Having your sin pointed out is never fun but depending on who the rebuke comes from creates different reactions.  If it comes from a pastor or a mentor, for instance, the rebuke might be received very graciously.  When it comes from someone who has obvious sin in their life, or you know about some more private sin in their life,  the reaction can very quickly turn to anger.  You might not say anything about it, but internally there might be a barrage of "who are you to judge me?", "remove the plank from your own eye.", "judge not lest ye be judged." or any other variation of some cliche platitude.  Many times such an attitude can be followed by a complete dismissal of the sin they pointed out in regardless of how valid it may have been.  In both cases, as is true any time a human confronts another human about sin, the party who brought the rebuke had sin in their life.  No one man, save Christ himself, has the ability to call out sin without fear of being called a hypocrite, so what is the difference between the two different reactions?  Commonly it is the difference in our perception of the other person's level of holiness.  If we believe that the person rebuking us has "less" sin in their life than we do, we tend to accept their rebuke as something we need to work on to be better Christians like they are.  If we believe that the person rebuking us has "more" or "worse" sin in their life than we do, we tend to get offended by the notion that someone "so bad" has the audacity to tell us how to be better Christians when they are the one's who should be learning from us...or so that seems to be what we believe or at least how we act.  The first case is simply idolatry, and the second case is simply pride.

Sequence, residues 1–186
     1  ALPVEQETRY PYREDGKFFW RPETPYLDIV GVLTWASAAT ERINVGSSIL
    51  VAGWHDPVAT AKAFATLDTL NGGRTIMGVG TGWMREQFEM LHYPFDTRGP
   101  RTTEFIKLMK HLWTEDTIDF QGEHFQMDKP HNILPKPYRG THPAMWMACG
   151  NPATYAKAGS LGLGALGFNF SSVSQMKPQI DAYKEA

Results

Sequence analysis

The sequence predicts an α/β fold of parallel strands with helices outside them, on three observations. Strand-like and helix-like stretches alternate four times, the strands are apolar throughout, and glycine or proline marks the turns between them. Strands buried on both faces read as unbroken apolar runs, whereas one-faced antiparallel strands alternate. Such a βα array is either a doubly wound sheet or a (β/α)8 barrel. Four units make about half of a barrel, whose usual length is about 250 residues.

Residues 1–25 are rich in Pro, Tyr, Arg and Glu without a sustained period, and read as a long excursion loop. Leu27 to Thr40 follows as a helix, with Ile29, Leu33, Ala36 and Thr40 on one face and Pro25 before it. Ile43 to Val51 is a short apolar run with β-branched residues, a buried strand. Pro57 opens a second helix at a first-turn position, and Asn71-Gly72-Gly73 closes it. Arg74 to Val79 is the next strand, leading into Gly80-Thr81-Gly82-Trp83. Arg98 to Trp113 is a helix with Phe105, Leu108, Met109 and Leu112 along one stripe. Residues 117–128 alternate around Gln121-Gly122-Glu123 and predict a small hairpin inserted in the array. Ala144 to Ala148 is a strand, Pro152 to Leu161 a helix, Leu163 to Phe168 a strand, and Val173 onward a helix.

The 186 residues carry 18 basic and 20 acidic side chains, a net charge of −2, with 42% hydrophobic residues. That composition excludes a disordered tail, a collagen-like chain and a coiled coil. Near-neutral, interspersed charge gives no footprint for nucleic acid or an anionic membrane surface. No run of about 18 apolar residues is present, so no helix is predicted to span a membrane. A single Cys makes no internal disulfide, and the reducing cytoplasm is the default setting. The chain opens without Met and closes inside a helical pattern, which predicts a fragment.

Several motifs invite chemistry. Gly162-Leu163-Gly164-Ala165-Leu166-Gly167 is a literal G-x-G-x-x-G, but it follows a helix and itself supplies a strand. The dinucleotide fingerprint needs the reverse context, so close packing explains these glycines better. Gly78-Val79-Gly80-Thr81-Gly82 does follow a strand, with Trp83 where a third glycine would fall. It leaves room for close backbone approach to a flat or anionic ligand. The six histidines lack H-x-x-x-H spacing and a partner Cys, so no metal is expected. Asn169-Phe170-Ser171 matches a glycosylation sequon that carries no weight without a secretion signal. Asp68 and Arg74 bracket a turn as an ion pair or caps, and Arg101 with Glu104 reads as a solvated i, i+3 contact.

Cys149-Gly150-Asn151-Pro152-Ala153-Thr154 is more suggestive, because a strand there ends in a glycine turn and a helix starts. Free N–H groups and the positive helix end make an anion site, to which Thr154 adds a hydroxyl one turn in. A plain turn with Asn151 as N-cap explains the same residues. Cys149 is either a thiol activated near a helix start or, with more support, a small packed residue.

Anytime you compare your righteousness by the standard of another man, you are getting a misrepresentation of your true standing before God.  "You shall be holy, for I the LORD your God am holy" (Leviticus 19.2b) sums up the standard by which we are to live our lives.  It was reemphasized by Christ when he said "you therefore must be perfect as your Heavenly Father is perfect" (Matthew 5.48).  The problem doesn't stem so much from a sinner pointing out sin in another, the problem stems from us too highly exalting one person, or too highly exalting ourself.  Whether we are the one trying to rebuke a friend or loved one, or we are the one who is being rebuked, we can learn from the example of Paul.